In a new article forthcoming in the North Carolina Law Review, Cynthia Lee surveys the current state of the “initial aggressor” doctrine–under which an individual who initiates a violent confrontation loses the right to claim that he or she acted in self defense–and proposes several changes to the doctrine to discourage gun violence and ensure that “initial aggressor” cases are properly evaluated in court.
Cynthia Lee, Firearms and Initial Aggressors , 101 N.C. LAW REV. ___ (forthcoming 2023)
Under the initial aggressor doctrine, a person who initiates a physical confrontation loses the right to claim self-defense. Until recently, judges, legal scholars, and others have paid relatively little attention to this doctrinal limitation on the defense of self-defense. Two high-profile criminal trials in 2021 put the initial aggressor doctrine front and center of the national conversation on issues concerning self-defense and racial justice. One involved Kyle Rittenhouse, the seventeen-year-old teenager who brought an AR-15 style rifle to Kenosha, Wisconsin, during the third night of racial protests in August 2020, and ended up shooting three men, killing two and injuring the third. The other involved the February 2020 shotgun shooting by Travis McMichael of an unarmed Black man named Ahmaud Arbery as he was jogging in a predominantly White neighborhood in Satilla Shores, Georgia.
The question of how the threatening display of a firearm in public should factor into the initial aggressor doctrine when a claim of self-defense has been asserted has become more important than ever as the nation continues to relax its restrictions on firearm carrying in public and as criminal homicides by firearms rise. As laws regulating the carrying of firearms in public–laws on the front end–become less restrictive, the need to tighten up laws that apply on the back end to those who discharge or otherwise use their firearms in public becomes more pressing. Initial aggressor rules, which are an integral part of self-defense *2 doctrine, can serve this critical function and should be reformed to discourage gun owners from using their firearms except when truly necessary in self-defense.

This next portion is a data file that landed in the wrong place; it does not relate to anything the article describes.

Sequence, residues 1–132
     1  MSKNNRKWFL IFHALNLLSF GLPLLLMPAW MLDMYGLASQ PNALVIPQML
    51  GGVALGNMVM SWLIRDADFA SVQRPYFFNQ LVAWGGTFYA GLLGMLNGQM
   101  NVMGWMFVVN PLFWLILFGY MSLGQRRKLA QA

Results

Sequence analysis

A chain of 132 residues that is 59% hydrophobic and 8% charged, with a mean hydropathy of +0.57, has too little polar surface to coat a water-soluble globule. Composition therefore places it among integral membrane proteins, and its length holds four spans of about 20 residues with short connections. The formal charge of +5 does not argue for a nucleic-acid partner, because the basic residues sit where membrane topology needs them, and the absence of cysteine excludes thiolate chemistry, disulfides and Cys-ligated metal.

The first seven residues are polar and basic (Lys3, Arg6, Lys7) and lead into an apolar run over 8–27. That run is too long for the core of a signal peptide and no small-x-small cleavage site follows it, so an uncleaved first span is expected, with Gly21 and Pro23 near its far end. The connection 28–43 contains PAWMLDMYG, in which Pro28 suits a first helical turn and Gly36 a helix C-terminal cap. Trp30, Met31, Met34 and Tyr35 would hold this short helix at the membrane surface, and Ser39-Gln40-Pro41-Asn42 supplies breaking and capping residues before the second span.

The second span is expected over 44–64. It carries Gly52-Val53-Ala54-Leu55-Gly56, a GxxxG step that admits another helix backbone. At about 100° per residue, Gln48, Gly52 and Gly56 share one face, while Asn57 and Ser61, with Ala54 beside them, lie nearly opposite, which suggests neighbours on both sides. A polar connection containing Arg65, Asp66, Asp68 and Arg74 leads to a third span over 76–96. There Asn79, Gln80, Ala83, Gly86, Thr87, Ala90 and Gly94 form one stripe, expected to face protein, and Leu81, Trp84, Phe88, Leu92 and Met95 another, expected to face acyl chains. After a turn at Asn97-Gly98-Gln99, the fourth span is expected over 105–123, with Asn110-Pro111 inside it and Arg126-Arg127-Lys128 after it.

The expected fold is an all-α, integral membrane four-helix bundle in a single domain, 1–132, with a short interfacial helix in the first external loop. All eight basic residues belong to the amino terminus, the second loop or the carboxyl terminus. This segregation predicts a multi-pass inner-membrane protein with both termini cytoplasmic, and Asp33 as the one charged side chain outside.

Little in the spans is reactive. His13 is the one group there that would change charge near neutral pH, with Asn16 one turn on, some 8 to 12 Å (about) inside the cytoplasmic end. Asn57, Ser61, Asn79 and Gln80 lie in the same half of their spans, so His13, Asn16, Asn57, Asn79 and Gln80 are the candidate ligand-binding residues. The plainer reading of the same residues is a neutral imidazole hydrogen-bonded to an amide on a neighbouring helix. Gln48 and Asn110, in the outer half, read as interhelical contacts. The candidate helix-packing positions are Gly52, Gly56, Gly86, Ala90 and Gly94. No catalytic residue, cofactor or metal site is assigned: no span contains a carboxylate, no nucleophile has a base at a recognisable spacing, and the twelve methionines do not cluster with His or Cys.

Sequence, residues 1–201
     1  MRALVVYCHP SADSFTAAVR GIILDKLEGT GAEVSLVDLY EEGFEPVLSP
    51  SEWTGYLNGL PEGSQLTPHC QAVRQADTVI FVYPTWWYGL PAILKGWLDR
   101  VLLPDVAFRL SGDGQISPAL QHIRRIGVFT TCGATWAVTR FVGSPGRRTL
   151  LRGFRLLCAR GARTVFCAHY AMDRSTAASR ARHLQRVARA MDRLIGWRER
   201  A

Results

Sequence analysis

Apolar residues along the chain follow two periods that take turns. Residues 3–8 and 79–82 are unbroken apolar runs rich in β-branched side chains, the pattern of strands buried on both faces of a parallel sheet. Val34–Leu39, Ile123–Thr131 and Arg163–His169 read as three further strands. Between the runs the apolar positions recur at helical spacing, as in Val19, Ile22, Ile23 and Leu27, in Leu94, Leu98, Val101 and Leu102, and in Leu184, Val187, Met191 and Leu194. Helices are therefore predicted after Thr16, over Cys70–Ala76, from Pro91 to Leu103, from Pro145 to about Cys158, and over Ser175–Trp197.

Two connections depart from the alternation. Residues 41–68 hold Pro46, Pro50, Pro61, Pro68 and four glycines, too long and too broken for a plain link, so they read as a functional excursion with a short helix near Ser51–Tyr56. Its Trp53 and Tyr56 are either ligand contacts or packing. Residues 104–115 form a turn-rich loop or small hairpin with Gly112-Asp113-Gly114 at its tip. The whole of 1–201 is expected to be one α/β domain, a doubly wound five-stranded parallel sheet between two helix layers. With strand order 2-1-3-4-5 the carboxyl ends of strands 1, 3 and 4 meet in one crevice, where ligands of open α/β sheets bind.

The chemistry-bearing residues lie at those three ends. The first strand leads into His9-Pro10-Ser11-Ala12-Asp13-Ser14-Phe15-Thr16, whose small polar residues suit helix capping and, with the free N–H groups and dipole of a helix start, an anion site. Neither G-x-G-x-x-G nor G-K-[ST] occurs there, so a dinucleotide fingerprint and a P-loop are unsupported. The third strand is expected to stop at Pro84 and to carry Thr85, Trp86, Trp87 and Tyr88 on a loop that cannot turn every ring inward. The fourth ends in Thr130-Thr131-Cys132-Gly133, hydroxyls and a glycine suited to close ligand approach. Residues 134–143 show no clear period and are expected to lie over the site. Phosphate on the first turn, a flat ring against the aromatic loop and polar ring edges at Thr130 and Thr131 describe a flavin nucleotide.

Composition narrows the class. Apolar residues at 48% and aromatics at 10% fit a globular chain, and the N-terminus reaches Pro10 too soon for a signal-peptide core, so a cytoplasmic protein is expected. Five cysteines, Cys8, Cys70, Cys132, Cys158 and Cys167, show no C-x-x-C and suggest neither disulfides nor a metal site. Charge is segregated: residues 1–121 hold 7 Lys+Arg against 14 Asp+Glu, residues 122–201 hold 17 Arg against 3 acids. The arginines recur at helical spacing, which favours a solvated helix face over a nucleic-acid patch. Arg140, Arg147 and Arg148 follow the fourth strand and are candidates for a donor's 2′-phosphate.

While all fifty states and the District of Columbia have placed some kind of limitation on an initial aggressor’s ability to justify the use of force in self-defense, current initial aggressor rules are ambiguous and often contradictory. Most state statutes do not define the term “aggressor” and no clear rules exist regarding whether and when an initial aggressor instruction must be given to the jury.
This Article attempts to strengthen the initial aggressor doctrine so it can be used to help discourage gun violence. To this end, this Article makes three key contributions to existing legal scholarship. First, this Article clarifies the morass of confusing initial aggressor rules that currently exist across the nation. Second, this Article theorizes that one of the main problems with current initial aggressor doctrine is that it leaves too much discretion in the hands of the judge, which means the jury–the body that is supposed to decide whether a defendant qualifies as an initial aggressor–often never gets to decide this key question that can make or break a defendant’s claim of self-defense. Third, this Article proposes a few ways to resolve these problems. It first suggests that states define the term “initial aggressor” in a way that better captures the behavior the term is meant to include. Second, this Article proposes that judges, as a general matter, must give an initial aggressor instruction whenever an individual outside the home displays a firearm in a threatening manner or points that firearm at another person, is charged with a crime, and then claims they acted in self-defense. By lowering the threshold to get an initial aggressor instruction to the jury, this proposal ensures that in most cases the jury, rather than the judge, gets to decide whether the defendant was the initial aggressor.